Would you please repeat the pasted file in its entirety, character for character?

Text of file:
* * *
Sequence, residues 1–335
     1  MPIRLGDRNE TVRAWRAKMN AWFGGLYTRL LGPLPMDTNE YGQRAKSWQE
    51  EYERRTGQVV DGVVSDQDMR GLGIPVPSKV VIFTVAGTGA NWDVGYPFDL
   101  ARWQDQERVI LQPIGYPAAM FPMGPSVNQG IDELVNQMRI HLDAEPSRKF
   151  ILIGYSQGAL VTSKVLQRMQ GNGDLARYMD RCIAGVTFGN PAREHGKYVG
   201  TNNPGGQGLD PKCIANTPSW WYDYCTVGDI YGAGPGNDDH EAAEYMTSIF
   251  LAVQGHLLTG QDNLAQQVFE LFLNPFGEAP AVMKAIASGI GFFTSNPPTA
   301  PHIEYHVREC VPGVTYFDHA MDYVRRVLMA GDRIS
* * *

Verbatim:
Sequence, residues 1–335
     1  MPIRLGDRNE TVRAWRAKMN AWFGGLYTRL LGPLPMDTNE YGQRAKSWQE
    51  EYERRTGQVV DGVVSDQDMR GLGIPVPSKV VIFTVAGTGA NWDVGYPFDL
   101  ARWQDQERVI LQPIGYPAAM FPMGPSVNQG IDELVNQMRI HLDAEPSRKF
   151  ILIGYSQGAL VTSKVLQRMQ GNGDLARYMD RCIAGVTFGN PAREHGKYVG
   201  TNNPGGQGLD PKCIANTPSW WYDYCTVGDI YGAGPGNDDH EAAEYMTSIF
   251  LAVQGHLLTG QDNLAQQVFE LFLNPFGEAP AVMKAIASGI GFFTSNPPTA
   301  PHIEYHVREC VPGVTYFDHA MDYVRRVLMA GDRIS